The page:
90 Minutes in Heaven

The True Story of a Modern-Day Lazarus

On January 18, 1989, Pastor Don Piper died. Four paramedics pronounced him dead at the scene of a horrific car accident. And yet, he inexplicably came back to life some 90 minutes after the crash. A movie telling the story, 90 Minutes In Heaven, was shown in 800 theaters nationwide in September 2015. Assistant Editor-in-Chief Major Frank Duracher interviewed Reverend Piper for the War Cry

War Cry: There have been several films in the last few years having to do with Heavenly visitations, for lack of a better term. What makes your story different? 

Don Piper: I'm an ordinary man with an extraordinary story. I want people to see hope in their challenges, to see that pain can come with purpose.

WC: You were at the gate of Heaven and saw those who were influential in your life. Tell me about them.

DP: These are the people [that] took me to church, gave me my first Bible, witnessed to me about Jesus. I’ve thought a lot about them, wondering what they all have in common, and I came up with two things. First, I’m convinced that each of them was prepared to die and go to Heaven. They certainly did not know on the day they died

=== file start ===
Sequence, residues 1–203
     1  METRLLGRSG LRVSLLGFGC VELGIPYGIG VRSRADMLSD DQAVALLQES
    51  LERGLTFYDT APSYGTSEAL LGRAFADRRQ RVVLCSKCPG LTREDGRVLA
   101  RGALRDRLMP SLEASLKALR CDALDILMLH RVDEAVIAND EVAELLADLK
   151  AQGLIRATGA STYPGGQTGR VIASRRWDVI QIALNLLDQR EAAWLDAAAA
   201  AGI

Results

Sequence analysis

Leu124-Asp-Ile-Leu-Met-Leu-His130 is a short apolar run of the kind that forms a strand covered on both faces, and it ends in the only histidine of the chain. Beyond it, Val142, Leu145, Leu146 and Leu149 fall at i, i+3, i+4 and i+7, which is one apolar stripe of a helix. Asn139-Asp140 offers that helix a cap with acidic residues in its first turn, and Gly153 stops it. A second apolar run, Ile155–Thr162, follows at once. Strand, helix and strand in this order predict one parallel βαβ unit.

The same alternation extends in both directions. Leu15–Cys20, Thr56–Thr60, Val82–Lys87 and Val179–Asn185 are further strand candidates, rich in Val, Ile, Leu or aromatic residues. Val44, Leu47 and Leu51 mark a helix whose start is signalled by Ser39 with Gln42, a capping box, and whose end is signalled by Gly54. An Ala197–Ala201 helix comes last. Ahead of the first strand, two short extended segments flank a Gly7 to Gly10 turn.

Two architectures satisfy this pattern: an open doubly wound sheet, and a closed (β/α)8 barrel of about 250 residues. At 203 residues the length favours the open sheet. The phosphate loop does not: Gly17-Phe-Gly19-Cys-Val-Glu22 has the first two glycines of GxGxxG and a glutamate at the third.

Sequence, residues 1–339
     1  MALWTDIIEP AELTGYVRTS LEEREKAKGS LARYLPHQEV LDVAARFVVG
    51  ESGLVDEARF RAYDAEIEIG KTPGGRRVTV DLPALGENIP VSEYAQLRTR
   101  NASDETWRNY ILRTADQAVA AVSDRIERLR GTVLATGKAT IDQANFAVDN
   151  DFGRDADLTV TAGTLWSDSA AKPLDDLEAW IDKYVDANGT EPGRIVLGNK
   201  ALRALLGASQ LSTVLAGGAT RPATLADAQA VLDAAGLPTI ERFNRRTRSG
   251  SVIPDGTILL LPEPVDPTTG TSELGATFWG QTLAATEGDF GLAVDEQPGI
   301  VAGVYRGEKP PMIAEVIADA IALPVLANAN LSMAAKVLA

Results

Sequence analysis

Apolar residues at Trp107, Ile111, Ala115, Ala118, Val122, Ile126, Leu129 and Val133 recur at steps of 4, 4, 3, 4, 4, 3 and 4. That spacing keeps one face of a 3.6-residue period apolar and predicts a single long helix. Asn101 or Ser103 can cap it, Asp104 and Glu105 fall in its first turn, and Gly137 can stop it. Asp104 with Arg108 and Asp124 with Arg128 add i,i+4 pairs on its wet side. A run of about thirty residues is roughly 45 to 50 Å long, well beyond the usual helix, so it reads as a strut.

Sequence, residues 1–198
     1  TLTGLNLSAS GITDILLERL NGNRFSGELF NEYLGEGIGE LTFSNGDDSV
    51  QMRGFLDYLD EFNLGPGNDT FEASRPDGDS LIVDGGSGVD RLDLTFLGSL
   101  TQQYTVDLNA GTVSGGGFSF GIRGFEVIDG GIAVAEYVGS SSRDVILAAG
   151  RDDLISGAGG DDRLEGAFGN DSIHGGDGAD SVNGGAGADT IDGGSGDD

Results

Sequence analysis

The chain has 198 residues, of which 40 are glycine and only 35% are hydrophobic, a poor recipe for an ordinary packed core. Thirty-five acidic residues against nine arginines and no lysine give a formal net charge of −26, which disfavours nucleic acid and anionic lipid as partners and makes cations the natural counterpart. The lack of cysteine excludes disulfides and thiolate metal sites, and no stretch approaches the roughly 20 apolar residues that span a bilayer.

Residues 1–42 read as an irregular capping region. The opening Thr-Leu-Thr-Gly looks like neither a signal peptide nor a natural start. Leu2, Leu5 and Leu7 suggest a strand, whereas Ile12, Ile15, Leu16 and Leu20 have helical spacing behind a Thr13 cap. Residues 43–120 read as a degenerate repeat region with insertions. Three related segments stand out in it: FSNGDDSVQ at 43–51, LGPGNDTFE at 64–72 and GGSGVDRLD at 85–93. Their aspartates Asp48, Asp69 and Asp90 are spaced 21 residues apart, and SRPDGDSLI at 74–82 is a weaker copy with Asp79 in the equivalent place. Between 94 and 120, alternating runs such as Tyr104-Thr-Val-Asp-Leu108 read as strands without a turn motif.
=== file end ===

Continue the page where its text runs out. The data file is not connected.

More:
that they would, but for every one of them, they were ready. The second thing is that each one of them seemed to be expecting me. They knew I was coming!

We’re told that there’s joy in Heaven over the conversion of one sinner, and that each born again believer has his or her name written in the Lamb’s Book of Life. Well, then, it stands to reason that our loved ones know about our salvation in Jesus Christ and when we are to arrive at Heaven’s gate, there they are waiting just for us!

Don Piper is a New York Times bestselling author and ordained minister since 1985.

WC: Was anyone there that you didn’t think would be there?

DP: Yes, there was one man that fell away from the Lord in his life, but he was there in Heaven. I can only presume that he made things right with God before he passed.

WC: Was anyone not there that you thought would be there?

DP: No, because I don’t believe those in Heaven realize who ended up in Hell. That would make them sad, and there is no sadness in Heaven.